30 July 2015
Hotel Lorenza, Tacloban City
As reported by the Philippine Statistics Authority (PSA), the Gross Regional Domestic Product (GRDP) of Eastern Visayas contracted from 4.5% in 2013 to negative 2.3% in 2014. This is a repeat of what happened three years ago. It can be recalled that in 2012, our GRDP also contracted, though at a much higher rate at negative 6.4%.
Unlike in 2013, we missed our 2014 target in the Updated Regional Development Plan (RDP), which was set at a range of 4.46-5.46%. With negative 2.3%, we are very far from the lower limit target of 4.46%. Throughout the entire country, it was only Region VIII who suffered from a negative growth and therefore, downscaled the most. Other regions’ economies also slowed down but not faster than ours and not to the negative level.
This reversal is not surprising because the ill effects of Supertyphoon Yolanda, which ravaged the region on the 11th month of 2013, were most heavily felt in 2014, the year after the onslaught of the disaster. It was the year when almost all socioeconomic activities got stalled and the region was hard-put in getting back to its feet.
The reported underspending of public funds must have also contributed to this economic shakedown. The Commission on Audit reported that the region was able to utilize only around 66% of its total budget for 2014. This utilization rate was lower compared to around 79% in 2013. This is understandable because the enormity of Yolanda’s destruction has ill-capacitated the region to spend allocated funds. This budget underspending has stymied the implementation of socioeconomic programs and projects of the government, thereby dragging the growth of the economy.
Possible Explanations based on Performance of the Various Subsectors
As in prior years, the Industry and Service Sectors were still the major drivers of the region’s economy in 2014.
The Industry Sector accounted for the biggest share at 41.4%, followed closely by the Services Sector at 40.7%. Agriculture, Hunting, Forestry and Fishery (AHFF) chipped in only 18.0%. Of the three sectors, only Services had an increased share to the GRDP; Industry and AHFF’s contributions were lesser in 2014 than in 2013.
The Industry Sector nosedived from 13.9% in 2013 to 2.8% in 2014. How come? This was mainly because of the pull-down effect of the 16.0% shrinkage of the manufacturing subsector, which happens to be the largest sector in industry. The decrease in manufacturing, in turn, can be attributed to the 45% production decline at the Leyte Industrial Development Estate (LIDE) in Isabel, Leyte. In 2013, LIDE production was valued at $670,175,387.00 but slipped to $371,409,546.00 in 2014. For 2014, LIDE accounted for 77.4% of the region’s total export earnings. The value of exported cathodes reached $413,224,348.00, lower by 35.6% from $641,763,240.00 in 2013. The Yolanda-destroyed port in PASAR and PHILPHOS resulted to limited operations in transporting commodities, both imports and exports. One of the companies in LIDE, PHILPHOS, temporarily ceased to operate in 2014 after it was damaged by Yolanda. No production of mineral or chemical fertilizers had been recorded for 2014.
The year 2014 was also characterized by extremely volatile prices of metals used in industry, such as aluminum and copper, which LIDE produces. Copper prices fell to their five-month low due to lower Chinese demand for the product. This adversely affected the region’s export earnings, considering that nearly 87% of our cathodes are sold to China.
Moreover, exportation of agro-based products tremendously went down at almost 80%. This included Refined, Bleached and Deodorized (RBD) oil and abaca pulp. On a positive note, domestic sales of micro, small and medium enterprises (MSMEs) reached P415 million – 8.9% above the annual target of P381 million.
The negative performance of the manufacturing subsector was offset by the recovery of the mining and quarrying subsector from negative 24.3% to 18.2%. This is consequential to the resumed operations of the Strong Built Development Corporation located in Guiuan, Eastern Samar. In 2013, this mining company suspended its operation due to machinery breakdown and a nationwide moratorium on the issuance of ore transport permit (OTP)/mineral ore export permit (MOEP) on magnetite sand. Mineral production, specifically magnetite concentrate and chromite concentrate, grew by 52.2% compared to 2013. Sand and gravel recorded a hefty 262.2% growth from 2013 due to high demand because of massive reconstruction in the region.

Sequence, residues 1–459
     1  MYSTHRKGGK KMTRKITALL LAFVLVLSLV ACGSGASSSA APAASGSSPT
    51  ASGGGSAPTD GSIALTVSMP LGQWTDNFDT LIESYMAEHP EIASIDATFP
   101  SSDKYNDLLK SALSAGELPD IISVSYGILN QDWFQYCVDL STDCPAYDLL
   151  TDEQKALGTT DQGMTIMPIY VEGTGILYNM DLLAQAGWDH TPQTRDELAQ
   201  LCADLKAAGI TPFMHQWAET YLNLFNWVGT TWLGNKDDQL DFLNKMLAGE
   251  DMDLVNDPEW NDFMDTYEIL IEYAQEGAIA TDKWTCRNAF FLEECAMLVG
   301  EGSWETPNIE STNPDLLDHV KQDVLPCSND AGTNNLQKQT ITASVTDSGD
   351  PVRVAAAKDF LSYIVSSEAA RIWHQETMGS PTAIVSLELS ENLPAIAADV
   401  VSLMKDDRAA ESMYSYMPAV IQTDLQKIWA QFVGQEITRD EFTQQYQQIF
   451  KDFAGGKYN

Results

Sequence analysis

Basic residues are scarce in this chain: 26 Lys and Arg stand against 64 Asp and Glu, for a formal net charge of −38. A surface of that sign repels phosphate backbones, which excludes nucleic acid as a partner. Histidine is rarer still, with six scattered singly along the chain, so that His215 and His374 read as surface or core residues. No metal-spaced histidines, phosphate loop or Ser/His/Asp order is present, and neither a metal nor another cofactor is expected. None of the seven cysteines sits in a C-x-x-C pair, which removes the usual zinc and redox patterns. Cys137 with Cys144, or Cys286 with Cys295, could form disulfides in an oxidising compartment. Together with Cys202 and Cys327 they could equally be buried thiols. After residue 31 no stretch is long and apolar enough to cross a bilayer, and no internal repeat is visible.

The construction subsector accelerated by 30.8% compared to the previous year’s 9.8%. The rapid increase was obviously a result of the massive reconstruction of private and public infrastructure and dwellings damaged by Yolanda. Based on approved building permits, the total value of construction projects increased by 15%. Restoration of power and water supply and distribution facilities may have also caused the electricity, gas and water supply subsector to bounce back from negative 7.5% to negative 0.2%.
Transportation, storage, and communication slowed down from 8.0% last year to 6.0% this year. Again, this was obviously an effect of Yolanda’s damage to infrastructure. Destruction of ports, roads, bridges and vehicles, including the temporary disruption of services of the Land Transportan Office all had adverse effects on the transportation sector. Storage facilities such as warehouses have also been ravaged. Particularly in communication, the decrease may have also been due to the migration of telecommunication companies (Telcos) to fiber optics from microwave radio links, not to mention the physical damage to digital infrastructure.
While financial intermediation decelerated from 14.1% in 2013 to 10.6% in 2014, the deposit portfolio was up by almost one-fifth. This is a positive indication as it reflects increased public confidence in banks and improved savings among people.
The Information and Communications Technology (ICT) industry, which was also setback by Yolanda, has not yet fully recovered. ICT workers involved in non-voice business process outsourcing and online-based ICT jobs had been displaced.
The good news is tourism fared better in 2014, as manifested in increased tourist arrivals and receipts. Arrivals was 32% higher than in 2013. This yielded total tourist receipts of P7.09 billion, up significantly by 125.1% against 2013’s P3.15 billion. The increased receipts could be due to the longer stay of tourists in the region from an average of 1.08 day in 2013 to 1.8 days in 2014. These positive developments in the tourism subsector, however, were negated by disrupted education, health, and other social services, thus the deceleration of the other services subsector.